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Letter from Claudette Holston to MLK

Thursday, January 25, 1968

Claudette Holston writes Dr. King expressing the plight she has faced as a black woman in Michigan and Georgia. She asks Dr. King, "how would you feel if I was your daughter or wife?" and strongly urges him to write back.

More State Funds Urged for Negro Banks

Monday, January 23, 1967

This article reports about Operation Breadbasket's request for more funding from the State of Illinois to further its economic development efforts in the African American community.

Letter from Tyrone Little to Mrs. King

Friday, April 5, 1968

Tyrone Little expresses his sympathy to Mrs. King after the death of Dr. King, and he explains that his school plans to hold a mass.

Coronet Magazine: After Desegregation-What

Sunday, January 1, 1961

In this draft of an article for Coronet Magazine, Dr. King outlines the challenges that Negro college students will face after desegregation and the impact of the student movement as a whole. He argues that desegregation is not the same as integration, but that the former must happen in order for the latter to exist. Dr. King also explains that Negro students are gaining a much richer education by participating in sit-ins and other civil rights demonstrations, which will prepare them for society once desegregation is a reality.

MLK Requests Contributions

Monday, April 1, 1968

Dr. King writes this fundraising letter on behalf of the Southern Christian Leadership Conference. He explains the campaigns taking place in Washington for the poor and urges immediate financial support for the struggle.

SCLC Participates at Chicago Conference of New Politics

Dr. King asserts that "serious distortions" from the press have defaced the image of the SCLC in regards to the organization's involvement at the Chicago Conference of New Politics. Factually, at the conference, members of the SCLC were the most active and coherent opponents of the resolution in the Middle East. The SCLC perceives that the issue in the Middle East must involve security and development. The political realities and possible methods of improvement within the Middle East are discussed and elaborated upon.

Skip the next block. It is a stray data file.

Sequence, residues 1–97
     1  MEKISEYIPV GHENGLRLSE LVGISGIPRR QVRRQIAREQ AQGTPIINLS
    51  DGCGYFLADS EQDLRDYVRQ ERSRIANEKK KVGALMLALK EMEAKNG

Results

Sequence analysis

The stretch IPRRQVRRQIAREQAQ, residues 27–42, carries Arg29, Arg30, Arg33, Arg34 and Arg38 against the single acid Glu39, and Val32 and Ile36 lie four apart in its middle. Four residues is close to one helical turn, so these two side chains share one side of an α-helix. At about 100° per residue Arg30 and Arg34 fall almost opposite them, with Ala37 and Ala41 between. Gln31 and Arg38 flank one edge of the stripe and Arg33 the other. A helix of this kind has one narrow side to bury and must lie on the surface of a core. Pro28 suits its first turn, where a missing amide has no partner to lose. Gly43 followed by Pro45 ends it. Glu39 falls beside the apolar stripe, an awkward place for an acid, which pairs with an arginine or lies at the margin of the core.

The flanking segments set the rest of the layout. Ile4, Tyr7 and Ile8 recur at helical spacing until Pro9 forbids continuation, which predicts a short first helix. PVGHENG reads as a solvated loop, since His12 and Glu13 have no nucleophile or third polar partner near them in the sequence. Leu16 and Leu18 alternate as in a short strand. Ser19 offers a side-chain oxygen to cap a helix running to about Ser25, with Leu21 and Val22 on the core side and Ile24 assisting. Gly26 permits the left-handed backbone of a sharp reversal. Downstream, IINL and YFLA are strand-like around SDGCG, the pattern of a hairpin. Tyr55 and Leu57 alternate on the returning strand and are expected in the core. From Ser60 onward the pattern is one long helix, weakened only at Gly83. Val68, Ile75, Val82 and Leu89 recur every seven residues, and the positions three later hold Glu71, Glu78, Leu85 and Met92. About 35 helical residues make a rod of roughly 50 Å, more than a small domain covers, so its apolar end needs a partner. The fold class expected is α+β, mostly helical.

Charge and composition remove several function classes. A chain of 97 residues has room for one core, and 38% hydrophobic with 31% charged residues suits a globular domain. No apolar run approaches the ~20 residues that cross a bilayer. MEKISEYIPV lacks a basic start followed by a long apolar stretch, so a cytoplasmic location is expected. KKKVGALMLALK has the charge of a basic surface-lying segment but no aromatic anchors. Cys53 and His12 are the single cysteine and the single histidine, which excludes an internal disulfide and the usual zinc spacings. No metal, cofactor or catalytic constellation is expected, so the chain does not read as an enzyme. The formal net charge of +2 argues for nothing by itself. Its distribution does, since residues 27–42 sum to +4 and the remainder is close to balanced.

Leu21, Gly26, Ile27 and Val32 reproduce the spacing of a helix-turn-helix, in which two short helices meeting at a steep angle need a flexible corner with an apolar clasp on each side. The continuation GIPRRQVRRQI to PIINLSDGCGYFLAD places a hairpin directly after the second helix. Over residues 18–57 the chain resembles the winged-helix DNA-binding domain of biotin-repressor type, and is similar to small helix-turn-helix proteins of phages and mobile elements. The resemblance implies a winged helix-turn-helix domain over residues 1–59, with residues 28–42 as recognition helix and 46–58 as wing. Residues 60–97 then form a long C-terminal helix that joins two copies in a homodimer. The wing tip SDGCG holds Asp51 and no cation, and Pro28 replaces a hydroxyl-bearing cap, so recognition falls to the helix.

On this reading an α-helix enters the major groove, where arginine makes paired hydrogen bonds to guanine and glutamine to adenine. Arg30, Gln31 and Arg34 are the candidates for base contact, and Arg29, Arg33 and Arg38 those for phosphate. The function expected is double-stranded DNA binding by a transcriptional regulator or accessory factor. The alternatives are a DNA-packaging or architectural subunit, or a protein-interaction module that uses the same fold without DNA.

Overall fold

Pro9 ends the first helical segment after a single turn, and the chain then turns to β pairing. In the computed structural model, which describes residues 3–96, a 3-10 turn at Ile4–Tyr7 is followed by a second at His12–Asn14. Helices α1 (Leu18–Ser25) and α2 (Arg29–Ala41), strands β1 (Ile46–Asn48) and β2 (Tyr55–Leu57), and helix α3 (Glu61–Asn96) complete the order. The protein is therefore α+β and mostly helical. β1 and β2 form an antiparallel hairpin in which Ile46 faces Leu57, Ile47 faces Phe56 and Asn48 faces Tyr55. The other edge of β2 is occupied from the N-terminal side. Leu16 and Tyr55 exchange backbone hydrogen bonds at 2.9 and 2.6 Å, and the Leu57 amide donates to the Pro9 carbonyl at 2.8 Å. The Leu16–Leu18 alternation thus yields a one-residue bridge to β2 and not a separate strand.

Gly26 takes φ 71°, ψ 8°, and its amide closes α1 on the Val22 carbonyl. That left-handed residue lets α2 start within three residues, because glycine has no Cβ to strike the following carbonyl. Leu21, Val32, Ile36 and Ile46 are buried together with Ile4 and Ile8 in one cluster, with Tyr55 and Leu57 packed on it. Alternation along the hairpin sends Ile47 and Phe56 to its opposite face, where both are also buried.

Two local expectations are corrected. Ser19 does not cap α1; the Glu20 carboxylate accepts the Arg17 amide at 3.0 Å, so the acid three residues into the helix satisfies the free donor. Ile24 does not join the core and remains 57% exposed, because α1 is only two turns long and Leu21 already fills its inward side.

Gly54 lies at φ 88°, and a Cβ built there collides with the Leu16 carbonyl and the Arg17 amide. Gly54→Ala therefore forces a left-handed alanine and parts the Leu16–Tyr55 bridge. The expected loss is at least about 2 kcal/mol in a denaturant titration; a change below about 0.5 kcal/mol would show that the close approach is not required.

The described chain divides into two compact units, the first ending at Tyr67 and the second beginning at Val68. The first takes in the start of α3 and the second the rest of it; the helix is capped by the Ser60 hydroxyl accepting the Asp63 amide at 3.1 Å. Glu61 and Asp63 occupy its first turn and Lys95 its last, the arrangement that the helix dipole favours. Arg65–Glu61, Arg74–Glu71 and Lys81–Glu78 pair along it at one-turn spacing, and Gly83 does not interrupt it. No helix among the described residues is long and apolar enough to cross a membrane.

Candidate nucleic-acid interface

Exodus

Dr. King wrote these note cards, marked "Class Notes," on Exodus. He focuses on the topics of knowledge, the doctrine of God, sin, ethics, social ethics, and the covenant.

Letter from Leslie A. Strikes to MLK

Wednesday, December 27, 1967

Leslie Strike, Canadian Vice President of the English-Speaking Union of the Commonwealth, invites Dr. King to speak on the US Civil Rights Movement.

Letter from Wisconsin Branch of the NAACP to MLK

Wednesday, June 14, 1961

The Racine Chapter of the NAACP Banquet Committee invites Dr. King to speak at their annual banquet.

Letter from MLK to Robert L. Shirley

Tuesday, December 13, 1966

Dr. King writes to Robert Shirley to inform him that, if necessary, he will send a member of the SCLC to serve in the interm for Golden Frinks who has been reassigned to another location.

Faith

Dr. King quotes English author and priest William Ralph Inge's "Lay Thoughts of a Dean," as well as English soldier and essayist Donald Hankey.

Letter from National Committee for Free Elections in Sunflower to MLK

Monday, August 14, 1967

The National Committee for Free Elections in Sunflower informs Dr. King of the tremendous strides made by the African American community during the elections in Sunflower County, Mississippi. Four years prior, the loss of elections by black candidates was attributed to local intimidation, but new organizational tactics provided the group with tools to combat this issue. The success of the election set a precedent for many other Mississippi counties to view voting rights as a means to change citizens' lives and the nature of the state.

The Black Revolution

This pamphlet produced by the SCLC is an excerpt from Thomas Merton's "The Black Revolution: Letters to a White Liberal." Merton seeks to awaken the conscience of white America by presenting the Negro perspective in the struggle for civil rights. He discusses how Dr. King utilizes the philosophy of nonviolence as a tool of progress and the contrasting reaction of Negros based upon their religious association as either Christian or Muslim. The concluding message is a call for the complete reform of America's social system which permits and breeds injustice.

Letter from Pamela Schnida to MLK

Thursday, October 10, 1067